Ectopic Pregnancy: Risks, Symptoms, Diagnosis

Pregnancy occurs when the fertilised egg, resulting from the union of an egg and sperm, successfully implants itself into the uterus. However, various complications could occur when it comes to pregnancy, one of them being an ectopic pregnancy.

What is an ectopic pregnancy?

The term “ectopic pregnancy” derives from the Greek word “ektopas,” which translates to “out of place.”

In a normal pregnancy, the fertilised egg migrates from the fallopian tube to the uterus, where it implants and continues growing. However, in some cases, this process is disrupted, and the fertilised egg implants and begins developing outside the uterus, resulting in an ectopic pregnancy.

Most ectopic pregnancies develop in the fallopian tubes, which is referred to as a tubal pregnancy. Ectopic pregnancy is typically caused by damaged fallopian tubes, which ultimately prevent the fertilised egg from traveling to the uterus.

What are the risk factors of an ectopic pregnancy?

About half of the women who have had an ectopic pregnancy did not have known risk factors.

Some of the common risk factors for ectopic pregnancy include:

  • Previous ectopic pregnancy
  • Previous fallopian tube or tubal surgery
  • Previous pelvic or abdominal surgery
  • Structural abnormalities such as scarring of the fallopian tubes from a previous medical condition, infection, or surgery
  • Abnormalities present since birth in the fallopian tubes
  • Certain sexually transmitted infections (STIs)
  • Pelvic inflammatory disease (PID)

Other factors that may increase a woman’s risk of ectopic pregnancy include:

  • Older than 35 years old
  • History of infertility
  • Undergoing fertility treatments such as assisted reproductive technology or in-vitro fertilisation (IVF)
  • Smoking

What are the symptoms of an ectopic pregnancy?

Women who are sexually active should be aware of changes in their bodies, especially if they experience symptoms of an ectopic pregnancy.

Some women do not experience symptoms, some may experience a few symptoms, while others may experience many symptoms.

The symptoms of an ectopic pregnancy may include:

  • Pain in your lower abdomen that develops suddenly for no apparent reason or may come on gradually over several days. It may be on one side only.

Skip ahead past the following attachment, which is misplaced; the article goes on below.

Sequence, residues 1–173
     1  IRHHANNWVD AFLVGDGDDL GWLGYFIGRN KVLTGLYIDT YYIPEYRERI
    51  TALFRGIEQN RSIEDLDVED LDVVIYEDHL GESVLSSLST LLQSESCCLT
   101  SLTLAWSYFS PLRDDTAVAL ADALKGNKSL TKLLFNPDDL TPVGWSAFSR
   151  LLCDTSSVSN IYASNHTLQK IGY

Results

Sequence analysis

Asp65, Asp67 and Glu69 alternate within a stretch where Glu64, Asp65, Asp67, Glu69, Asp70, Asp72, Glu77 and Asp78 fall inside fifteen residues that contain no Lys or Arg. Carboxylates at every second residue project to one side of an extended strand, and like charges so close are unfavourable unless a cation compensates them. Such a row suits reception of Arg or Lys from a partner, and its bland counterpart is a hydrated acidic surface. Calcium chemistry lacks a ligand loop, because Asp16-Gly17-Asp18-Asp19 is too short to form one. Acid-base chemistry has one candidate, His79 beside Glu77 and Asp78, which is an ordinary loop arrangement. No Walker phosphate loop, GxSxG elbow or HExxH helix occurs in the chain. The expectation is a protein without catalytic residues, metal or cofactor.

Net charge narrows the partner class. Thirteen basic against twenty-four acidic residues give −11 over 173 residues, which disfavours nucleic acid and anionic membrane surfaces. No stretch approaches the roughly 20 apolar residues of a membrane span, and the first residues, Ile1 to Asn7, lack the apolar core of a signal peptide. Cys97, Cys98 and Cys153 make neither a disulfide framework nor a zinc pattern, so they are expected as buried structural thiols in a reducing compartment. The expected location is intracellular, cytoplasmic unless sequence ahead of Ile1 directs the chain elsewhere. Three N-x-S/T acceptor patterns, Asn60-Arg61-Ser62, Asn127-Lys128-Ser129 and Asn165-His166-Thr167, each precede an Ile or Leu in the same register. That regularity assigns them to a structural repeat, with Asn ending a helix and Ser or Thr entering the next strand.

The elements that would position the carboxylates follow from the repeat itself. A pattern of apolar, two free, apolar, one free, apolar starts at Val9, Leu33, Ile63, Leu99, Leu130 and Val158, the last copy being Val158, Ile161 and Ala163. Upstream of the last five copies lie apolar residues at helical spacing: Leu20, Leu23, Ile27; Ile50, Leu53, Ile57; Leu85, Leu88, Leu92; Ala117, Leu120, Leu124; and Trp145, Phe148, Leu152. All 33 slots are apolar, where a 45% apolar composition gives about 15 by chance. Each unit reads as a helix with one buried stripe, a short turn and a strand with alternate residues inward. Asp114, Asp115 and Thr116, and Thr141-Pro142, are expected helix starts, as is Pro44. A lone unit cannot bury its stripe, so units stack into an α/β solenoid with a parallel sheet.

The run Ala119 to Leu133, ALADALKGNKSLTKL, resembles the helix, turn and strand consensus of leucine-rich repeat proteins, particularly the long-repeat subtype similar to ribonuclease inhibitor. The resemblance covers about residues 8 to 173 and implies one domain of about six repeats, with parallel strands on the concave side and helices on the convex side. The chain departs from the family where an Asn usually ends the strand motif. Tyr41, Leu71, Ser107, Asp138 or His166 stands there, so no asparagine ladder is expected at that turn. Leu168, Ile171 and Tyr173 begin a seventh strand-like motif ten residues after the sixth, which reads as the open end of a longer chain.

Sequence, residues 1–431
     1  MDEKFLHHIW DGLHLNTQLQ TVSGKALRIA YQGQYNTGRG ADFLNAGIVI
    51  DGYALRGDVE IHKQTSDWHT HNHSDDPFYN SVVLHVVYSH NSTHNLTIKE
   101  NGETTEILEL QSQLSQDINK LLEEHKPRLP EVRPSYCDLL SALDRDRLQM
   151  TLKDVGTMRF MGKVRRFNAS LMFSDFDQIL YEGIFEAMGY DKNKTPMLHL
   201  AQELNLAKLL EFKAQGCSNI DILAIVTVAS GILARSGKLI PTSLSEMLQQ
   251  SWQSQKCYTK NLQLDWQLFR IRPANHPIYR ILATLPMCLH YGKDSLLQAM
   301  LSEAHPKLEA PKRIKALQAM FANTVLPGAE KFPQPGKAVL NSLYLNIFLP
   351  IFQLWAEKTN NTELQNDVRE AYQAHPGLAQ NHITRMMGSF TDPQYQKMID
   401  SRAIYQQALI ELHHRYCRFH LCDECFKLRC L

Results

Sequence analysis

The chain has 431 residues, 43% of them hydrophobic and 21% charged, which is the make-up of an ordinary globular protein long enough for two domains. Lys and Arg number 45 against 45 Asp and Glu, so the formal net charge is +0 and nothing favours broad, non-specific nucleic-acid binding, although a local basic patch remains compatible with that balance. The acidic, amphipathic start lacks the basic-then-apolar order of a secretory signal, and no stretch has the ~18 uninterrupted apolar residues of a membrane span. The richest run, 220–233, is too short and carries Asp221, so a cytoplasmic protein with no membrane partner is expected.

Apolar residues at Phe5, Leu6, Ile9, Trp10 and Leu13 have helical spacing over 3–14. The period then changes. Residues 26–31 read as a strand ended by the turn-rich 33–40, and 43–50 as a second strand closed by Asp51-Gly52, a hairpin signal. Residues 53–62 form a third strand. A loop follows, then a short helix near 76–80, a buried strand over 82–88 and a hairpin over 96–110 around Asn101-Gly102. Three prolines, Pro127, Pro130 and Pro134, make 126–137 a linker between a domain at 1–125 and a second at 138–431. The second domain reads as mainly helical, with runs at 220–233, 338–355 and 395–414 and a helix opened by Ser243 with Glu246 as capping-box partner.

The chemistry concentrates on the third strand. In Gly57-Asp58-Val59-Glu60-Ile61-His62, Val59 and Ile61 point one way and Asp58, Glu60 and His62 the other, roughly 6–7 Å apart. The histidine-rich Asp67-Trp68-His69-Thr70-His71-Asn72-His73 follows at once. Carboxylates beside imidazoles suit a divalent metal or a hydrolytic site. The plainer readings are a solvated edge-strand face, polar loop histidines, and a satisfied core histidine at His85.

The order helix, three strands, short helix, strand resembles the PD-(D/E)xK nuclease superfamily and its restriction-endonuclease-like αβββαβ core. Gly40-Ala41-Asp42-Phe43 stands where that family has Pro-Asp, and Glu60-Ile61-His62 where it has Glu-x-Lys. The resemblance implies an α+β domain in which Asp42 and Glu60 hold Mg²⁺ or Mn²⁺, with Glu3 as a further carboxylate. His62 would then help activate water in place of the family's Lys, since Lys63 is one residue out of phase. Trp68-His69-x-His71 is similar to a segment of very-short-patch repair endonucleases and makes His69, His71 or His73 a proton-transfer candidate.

• Spotting or vaginal bleeding that is different from your normal period. The bleeding may be lighter or heavier or darker than normal.
  • Pain at the tip of your shoulder caused by blood leaking into the abdomen is a sign that the condition is getting worse. This pain is there all the time and may be worse when you are lying down. It is not helped by movement and may not be relieved by painkillers. You should seek urgent medical advice if you experience this type of pain.
  • Upset tummy such as having diarrhoea or pain during bowel movement.
  • Severe abdominal pain may develop if the affected fallopian tube bursts or ruptures and causes internal bleeding. In rare instances, collapsing may be the very first sign of an ectopic pregnancy. This is a medical emergency, and you should seek urgent medical attention.

When do ectopic pregnancy symptoms start?

Most women experience physical symptoms in the sixth week of pregnancy (about 2 weeks after a missed period). You may or may not be aware that you are pregnant if your periods are irregular, or if the contraception you are using has failed.

Due to the wide variation of symptoms, diagnosing an ectopic pregnancy may not be straightforward.

How is an ectopic pregnancy diagnosed?

Diagnosis of an ectopic pregnancy will be made based on the following:

  • Consultation and physical examination: Your doctor will ask about your medical history and symptoms and will examine your abdomen.
  • Urine pregnancy test: This test will be done to find out whether you are pregnant.
  • Transvaginal ultrasound: This scan will be done to check your uterus, ovaries, and fallopian tubes to evaluate your condition.
  • Blood tests: A test for the level of the pregnancy hormone βhCG (beta human chorionic gonadotrophin) or a test every few days to look for changes in the level of this hormone may help to give a diagnosis. This is usually checked every 48 hours because, with a pregnancy in the uterus, the hormone level rises by 63% every 48 hours (known as the ‘doubling time’) whereas, with ectopic pregnancies, the levels are usually lower and rise more slowly or stay the same.

Book an appointment at Pantai Hospitals

Each pregnancy is unique. Regular prenatal appointments and open communication with your doctor are crucial for monitoring your health and addressing any concerns throughout pregnancy.

A dedicated and expert team of obstetricians and gynaecologists at Pantai Hospital is available for consultation to provide patients with the best care and assistance. Get in touch with us to book an appointment today if you have any concerns or questions about an ectopic pregnancy.

Pantai Hospital has been accredited by the Malaysian Society for Quality in Health (MSQH) for its commitment to patient safety and service quality.

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